f[z_?InexactNumberQ] := Module[{c, d, h, k, u, v, y},
   y = v = 2 z^2 + 1;
   c = y; d = 0; k = 1;
    u = k (k + 1); v += 4;
    c = v - u/c; d = 1/(v - u d);
    h = c*d; y *= h;
    If[Abs[h - 1] <= 10^-Precision[z], Break[]];
    k += 2];
   2 z/y/Sqrt[Pi]] /; Re[z] > 0

With[{z = N[50]}, {Exp[z^2] Erfc[z], f[z]}]
{0.01128153626532, 0.0112815}

N[f[30000], 30]

Plot[f[x], {x, 1, 50}]

plot of exp(x^2)erfc(x)

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In the interest of showing that there's more than one way to skin a cat, I present a method suitable for large positive arguments, due to Chiarella and Reichel. The method uses the approximation

$$\exp(z^2)\mathrm{erfc}(z)\approx\frac{hz}{\pi}\left(z^{-2}+2\sum_{k \geq 1}\frac{\exp(-h^2 k^2)}{z^2+h^2 k^2}\right)$$

where $h$ is a suitably chosen parameter, based on the precision needed.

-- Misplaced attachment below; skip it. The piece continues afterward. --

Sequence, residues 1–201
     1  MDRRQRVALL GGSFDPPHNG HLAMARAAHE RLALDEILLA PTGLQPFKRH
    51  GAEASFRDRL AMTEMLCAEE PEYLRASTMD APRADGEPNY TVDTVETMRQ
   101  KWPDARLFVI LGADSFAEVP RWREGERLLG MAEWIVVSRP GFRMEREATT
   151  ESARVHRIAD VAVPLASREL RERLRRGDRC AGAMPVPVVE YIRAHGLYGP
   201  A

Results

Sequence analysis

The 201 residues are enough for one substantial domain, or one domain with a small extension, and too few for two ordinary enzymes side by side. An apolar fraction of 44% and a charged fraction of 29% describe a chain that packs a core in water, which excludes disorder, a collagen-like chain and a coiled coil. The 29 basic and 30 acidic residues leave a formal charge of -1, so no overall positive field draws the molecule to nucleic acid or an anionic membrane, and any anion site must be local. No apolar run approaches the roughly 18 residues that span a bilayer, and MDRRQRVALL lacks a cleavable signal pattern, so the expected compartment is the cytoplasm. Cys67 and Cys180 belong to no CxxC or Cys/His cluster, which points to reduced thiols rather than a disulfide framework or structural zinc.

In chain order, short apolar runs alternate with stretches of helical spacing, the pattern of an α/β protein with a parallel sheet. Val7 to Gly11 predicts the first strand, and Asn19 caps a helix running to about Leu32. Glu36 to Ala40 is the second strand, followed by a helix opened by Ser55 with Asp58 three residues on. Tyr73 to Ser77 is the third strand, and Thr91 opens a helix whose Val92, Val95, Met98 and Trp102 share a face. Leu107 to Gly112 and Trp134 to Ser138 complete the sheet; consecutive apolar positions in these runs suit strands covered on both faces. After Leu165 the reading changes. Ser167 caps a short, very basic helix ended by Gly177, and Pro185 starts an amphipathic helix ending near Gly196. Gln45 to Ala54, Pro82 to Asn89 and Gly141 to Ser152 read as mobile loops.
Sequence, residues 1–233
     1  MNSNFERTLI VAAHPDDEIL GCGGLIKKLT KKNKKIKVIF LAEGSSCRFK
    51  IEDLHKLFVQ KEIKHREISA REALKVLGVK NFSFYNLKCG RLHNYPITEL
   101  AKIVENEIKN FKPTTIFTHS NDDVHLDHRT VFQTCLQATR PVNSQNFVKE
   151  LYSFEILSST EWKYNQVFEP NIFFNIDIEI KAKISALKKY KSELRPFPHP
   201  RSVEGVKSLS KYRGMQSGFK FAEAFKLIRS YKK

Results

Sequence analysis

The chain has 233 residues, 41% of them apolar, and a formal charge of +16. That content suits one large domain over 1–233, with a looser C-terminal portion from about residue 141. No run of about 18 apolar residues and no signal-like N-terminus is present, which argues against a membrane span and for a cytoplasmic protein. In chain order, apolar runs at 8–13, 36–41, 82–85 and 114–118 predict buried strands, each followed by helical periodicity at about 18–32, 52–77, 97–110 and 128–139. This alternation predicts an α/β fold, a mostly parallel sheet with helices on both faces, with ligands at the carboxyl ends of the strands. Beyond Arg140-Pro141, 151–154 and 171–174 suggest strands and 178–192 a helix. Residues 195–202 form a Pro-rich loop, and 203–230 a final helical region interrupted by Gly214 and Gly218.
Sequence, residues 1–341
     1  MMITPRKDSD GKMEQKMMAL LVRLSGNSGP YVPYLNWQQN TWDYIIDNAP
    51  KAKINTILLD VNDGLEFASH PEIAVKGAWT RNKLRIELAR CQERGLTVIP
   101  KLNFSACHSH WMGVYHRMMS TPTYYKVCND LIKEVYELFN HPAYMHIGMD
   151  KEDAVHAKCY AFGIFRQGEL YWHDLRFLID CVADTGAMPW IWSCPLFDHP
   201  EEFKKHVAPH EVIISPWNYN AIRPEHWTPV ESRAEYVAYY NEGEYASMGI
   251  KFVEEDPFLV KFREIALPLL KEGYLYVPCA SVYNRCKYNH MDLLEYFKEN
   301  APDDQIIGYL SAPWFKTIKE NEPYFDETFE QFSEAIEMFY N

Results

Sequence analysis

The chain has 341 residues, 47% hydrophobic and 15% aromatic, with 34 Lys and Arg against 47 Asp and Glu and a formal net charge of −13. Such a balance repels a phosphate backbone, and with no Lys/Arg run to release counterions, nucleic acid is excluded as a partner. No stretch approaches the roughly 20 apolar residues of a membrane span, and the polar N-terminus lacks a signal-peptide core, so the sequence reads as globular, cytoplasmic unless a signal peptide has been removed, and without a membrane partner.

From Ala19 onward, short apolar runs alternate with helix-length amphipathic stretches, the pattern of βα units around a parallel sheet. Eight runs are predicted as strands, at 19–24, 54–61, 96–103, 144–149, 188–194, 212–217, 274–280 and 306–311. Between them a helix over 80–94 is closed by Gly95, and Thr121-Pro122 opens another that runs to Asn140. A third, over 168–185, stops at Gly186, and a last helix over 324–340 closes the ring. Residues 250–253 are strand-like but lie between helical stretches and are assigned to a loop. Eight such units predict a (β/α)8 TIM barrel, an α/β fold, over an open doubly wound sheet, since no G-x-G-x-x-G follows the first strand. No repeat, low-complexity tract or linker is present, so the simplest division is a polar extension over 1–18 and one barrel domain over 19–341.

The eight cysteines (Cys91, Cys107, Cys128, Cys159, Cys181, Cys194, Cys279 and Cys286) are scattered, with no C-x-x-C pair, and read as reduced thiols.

f[z_?InexactNumberQ] := 
 Module[{prec = Precision[z], y = z^2, e, h, j, k, s, t},
   h = Pi/Sqrt[(Round[prec] + 1) Log[10]]; e = h^2;
   s = 0; j = k = 1;
    t = Exp[-e k]/(y + e k);
    s += t;
    If[Abs[t] <= Abs[s] 10^-prec, Break[]];
    j += 2; k += j];
   h z (1/y + 2 s)/Pi] /; TrueQ[Quiet[z > 0]]

Again, this works best for large positive $z$, which seems to be the arguments of interest for the OP anyway. If evaluation for small $z$ is needed, a correction term has to be added to the Chiarella-Reichel approximation; see their paper for details.